The Success of American Development Leagues
Seth Jones is one of the up-and-coming American hockey players, and has won a number of gold medals in the U.S. development system.
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The American players in the NHL have to be coming from somewhere, and they are coming from winning backgrounds.
Over the past few years, junior development teams from the U.S. have dominated international play.
In the International Ice Hockey Federation Under-18 tournament, the Americans have won gold four years in a row, and in 2008 and 2007, they won a bronze and a silver medal, respectively.
The American junior team has been just as successful, winning gold in 2013 and 2010.
The success of these programs has improved since USA Hockey introduced the American Development Model.
According to the ADM website, since 2000, 60 percent of players dropped out of hockey before they even made it to peewees, and 20 percent dropped out after seeing only one season of play.
After looking at these numbers, USA Hockey developed the program to get young athletes involved in hockey, and then working with them to stick with the sport.
"A model was created that valued practices and proper training above all else," the ADM website says. "This isn’t to say that the ADM is about taking the fun out of hockey, quite the contrary. Practices can and should be fun, especially if the kids are all playing together and having a blast with a game that they love. The more they play it, the better chance that they’ll love it."
Programs like this have certainly shown improvement. Team USA's win in the 2004 Junior Championship was America's first gold in the tournament ever, and in the Olympics, the U.S. hasn't won gold since the 1980 games.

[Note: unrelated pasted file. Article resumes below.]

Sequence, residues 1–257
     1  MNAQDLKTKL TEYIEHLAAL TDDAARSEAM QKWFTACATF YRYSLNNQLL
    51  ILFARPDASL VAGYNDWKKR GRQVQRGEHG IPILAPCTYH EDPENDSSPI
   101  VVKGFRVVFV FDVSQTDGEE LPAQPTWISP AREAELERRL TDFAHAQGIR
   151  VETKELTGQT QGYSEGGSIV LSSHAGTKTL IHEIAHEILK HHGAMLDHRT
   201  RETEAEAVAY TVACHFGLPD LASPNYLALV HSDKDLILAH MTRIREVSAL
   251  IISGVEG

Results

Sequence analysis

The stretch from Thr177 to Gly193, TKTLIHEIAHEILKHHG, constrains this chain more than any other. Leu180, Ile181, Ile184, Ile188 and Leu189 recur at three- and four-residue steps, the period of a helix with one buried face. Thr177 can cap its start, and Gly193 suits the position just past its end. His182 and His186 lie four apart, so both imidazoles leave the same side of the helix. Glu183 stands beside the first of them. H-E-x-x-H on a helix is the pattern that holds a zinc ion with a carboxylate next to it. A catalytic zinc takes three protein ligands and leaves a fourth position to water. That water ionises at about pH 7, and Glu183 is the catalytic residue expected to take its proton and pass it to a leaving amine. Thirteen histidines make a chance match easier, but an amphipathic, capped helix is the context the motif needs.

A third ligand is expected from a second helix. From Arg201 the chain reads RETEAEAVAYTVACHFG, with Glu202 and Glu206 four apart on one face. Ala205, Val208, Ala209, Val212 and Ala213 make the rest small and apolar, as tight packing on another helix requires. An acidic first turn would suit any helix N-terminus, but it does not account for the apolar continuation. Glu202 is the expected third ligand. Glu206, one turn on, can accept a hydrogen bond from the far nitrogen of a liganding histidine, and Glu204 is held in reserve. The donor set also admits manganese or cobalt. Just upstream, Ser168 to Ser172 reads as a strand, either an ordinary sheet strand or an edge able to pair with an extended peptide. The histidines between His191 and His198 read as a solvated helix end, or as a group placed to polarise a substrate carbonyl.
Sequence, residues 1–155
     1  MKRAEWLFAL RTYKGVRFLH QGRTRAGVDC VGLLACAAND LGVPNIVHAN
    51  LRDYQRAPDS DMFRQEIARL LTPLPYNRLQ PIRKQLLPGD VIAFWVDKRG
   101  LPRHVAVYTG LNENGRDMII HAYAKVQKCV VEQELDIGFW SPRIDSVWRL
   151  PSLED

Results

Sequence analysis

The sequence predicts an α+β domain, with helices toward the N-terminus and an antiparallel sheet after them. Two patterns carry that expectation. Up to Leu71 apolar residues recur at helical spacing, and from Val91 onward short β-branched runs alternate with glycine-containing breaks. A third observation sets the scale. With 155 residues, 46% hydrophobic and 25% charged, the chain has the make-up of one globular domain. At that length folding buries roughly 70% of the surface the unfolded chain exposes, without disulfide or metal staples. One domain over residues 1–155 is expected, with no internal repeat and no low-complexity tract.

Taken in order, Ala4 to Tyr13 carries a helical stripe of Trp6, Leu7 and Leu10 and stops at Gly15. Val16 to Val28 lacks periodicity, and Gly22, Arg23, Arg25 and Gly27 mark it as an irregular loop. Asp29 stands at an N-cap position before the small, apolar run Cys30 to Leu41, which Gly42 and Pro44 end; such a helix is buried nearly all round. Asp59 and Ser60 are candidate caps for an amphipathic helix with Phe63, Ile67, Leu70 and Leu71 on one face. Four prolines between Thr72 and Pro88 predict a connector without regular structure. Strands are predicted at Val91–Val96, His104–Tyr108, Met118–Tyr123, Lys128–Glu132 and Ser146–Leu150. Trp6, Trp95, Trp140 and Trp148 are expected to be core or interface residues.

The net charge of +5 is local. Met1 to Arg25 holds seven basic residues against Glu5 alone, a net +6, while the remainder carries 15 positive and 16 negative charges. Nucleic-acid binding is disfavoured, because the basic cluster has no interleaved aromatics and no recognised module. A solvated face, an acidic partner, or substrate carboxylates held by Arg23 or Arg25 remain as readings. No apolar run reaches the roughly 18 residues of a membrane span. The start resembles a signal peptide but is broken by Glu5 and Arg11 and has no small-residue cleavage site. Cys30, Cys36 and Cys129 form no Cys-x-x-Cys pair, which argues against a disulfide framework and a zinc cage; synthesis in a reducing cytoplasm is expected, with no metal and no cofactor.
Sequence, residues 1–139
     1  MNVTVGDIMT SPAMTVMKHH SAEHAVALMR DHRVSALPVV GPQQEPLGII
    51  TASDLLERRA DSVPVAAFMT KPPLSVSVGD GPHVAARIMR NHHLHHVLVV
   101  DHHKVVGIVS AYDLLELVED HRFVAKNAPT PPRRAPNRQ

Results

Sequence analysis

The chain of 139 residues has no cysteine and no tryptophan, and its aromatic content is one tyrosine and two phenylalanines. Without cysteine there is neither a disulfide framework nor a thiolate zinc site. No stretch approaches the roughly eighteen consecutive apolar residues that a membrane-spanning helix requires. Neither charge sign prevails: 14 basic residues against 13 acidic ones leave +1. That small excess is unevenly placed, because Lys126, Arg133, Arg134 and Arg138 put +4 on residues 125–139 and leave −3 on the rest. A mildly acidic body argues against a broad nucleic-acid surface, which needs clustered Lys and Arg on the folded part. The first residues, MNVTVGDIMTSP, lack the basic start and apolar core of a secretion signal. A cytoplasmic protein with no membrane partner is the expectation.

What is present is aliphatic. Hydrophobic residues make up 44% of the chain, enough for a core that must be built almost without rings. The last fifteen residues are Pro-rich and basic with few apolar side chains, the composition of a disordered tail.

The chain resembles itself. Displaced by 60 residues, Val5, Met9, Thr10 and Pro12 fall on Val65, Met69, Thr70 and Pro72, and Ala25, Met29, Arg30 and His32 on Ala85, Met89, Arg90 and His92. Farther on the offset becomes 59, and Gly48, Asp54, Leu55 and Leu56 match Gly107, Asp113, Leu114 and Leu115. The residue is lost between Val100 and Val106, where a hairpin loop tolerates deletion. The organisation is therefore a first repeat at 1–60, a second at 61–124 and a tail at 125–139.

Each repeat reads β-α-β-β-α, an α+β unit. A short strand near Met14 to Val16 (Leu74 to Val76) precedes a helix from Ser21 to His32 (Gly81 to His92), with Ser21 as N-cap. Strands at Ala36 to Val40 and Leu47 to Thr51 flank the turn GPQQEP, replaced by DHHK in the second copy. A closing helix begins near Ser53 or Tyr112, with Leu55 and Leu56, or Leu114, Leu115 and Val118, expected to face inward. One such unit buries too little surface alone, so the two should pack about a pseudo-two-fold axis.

But with continued development, younger players could vault these programs into the world spotlight.
Improved Attendance at Games
American attendance at hockey games has improved since 2000, and four of the top-10 teams for attendance this season are American.
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During the 2007, 2008 and 2009 season, five of the top 10 attended stadiums in the NHL were for Canadian teams.
Americans have started to show some more love for their teams over the years, and last season only four Canadian teams were in the top 10.
While there are a much smaller number of Canadian teams than American ones, the Chicago Blackhawks have led the league in attendance over the past five seasons.
If fans wanted to make the argument that hockey was a Canadian sport, then more Canadian teams would have to occupy the top five list for attendance.
Montreal and Toronto have been the only two Canadian cities to break into the top five over the past four seasons.
This shows that fans are starting to respect American players more, and are spending their money to see them put on a show.
If more and more Americans show up to hockey, then maybe one day it has a chance to be one of the top two sports in the country, but the players are certainly working hard to show that it deserves more respect than it is getting.